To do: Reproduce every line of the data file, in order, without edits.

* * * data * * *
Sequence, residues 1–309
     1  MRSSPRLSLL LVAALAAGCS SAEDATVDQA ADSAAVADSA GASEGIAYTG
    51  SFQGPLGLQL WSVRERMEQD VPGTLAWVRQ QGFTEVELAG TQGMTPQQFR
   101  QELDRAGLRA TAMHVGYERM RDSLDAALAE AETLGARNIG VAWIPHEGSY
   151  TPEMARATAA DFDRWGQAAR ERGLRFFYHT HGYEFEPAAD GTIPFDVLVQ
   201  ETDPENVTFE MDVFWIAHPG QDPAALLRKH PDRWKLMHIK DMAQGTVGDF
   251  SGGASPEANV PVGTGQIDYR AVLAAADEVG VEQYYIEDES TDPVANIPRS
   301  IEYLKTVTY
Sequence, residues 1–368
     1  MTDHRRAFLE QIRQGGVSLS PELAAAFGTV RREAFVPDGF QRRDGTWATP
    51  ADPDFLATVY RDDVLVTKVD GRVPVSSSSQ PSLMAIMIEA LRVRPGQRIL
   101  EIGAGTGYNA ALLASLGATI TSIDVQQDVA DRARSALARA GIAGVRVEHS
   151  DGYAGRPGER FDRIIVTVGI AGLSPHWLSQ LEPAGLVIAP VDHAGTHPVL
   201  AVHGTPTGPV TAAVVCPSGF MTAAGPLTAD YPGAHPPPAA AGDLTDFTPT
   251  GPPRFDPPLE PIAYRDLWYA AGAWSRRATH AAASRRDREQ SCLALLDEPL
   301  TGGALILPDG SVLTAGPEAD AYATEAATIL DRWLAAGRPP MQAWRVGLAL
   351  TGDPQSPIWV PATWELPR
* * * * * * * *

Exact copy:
Sequence, residues 1–309
     1  MRSSPRLSLL LVAALAAGCS SAEDATVDQA ADSAAVADSA GASEGIAYTG
    51  SFQGPLGLQL WSVRERMEQD VPGTLAWVRQ QGFTEVELAG TQGMTPQQFR
   101  QELDRAGLRA TAMHVGYERM RDSLDAALAE AETLGARNIG VAWIPHEGSY
   151  TPEMARATAA DFDRWGQAAR ERGLRFFYHT HGYEFEPAAD GTIPFDVLVQ
   201  ETDPENVTFE MDVFWIAHPG QDPAALLRKH PDRWKLMHIK DMAQGTVGDF
   251  SGGASPEANV PVGTGQIDYR AVLAAADEVG VEQYYIEDES TDPVANIPRS
   301  IEYLKTVTY
Sequence, residues 1–368
     1  MTDHRRAFLE QIRQGGVSLS PELAAAFGTV RREAFVPDGF QRRDGTWATP
    51  ADPDFLATVY RDDVLVTKVD GRVPVSSSSQ PSLMAIMIEA LRVRPGQRIL
   101  EIGAGTGYNA ALLASLGATI TSIDVQQDVA DRARSALARA GIAGVRVEHS
   151  DGYAGRPGER FDRIIVTVGI AGLSPHWLSQ LEPAGLVIAP VDHAGTHPVL
   201  AVHGTPTGPV TAAVVCPSGF MTAAGPLTAD YPGAHPPPAA AGDLTDFTPT
   251  GPPRFDPPLE PIAYRDLWYA AGAWSRRATH AAASRRDREQ SCLALLDEPL
   301  TGGALILPDG SVLTAGPEAD AYATEAATIL DRWLAAGRPP MQAWRVGLAL
   351  TGDPQSPIWV PATWELPR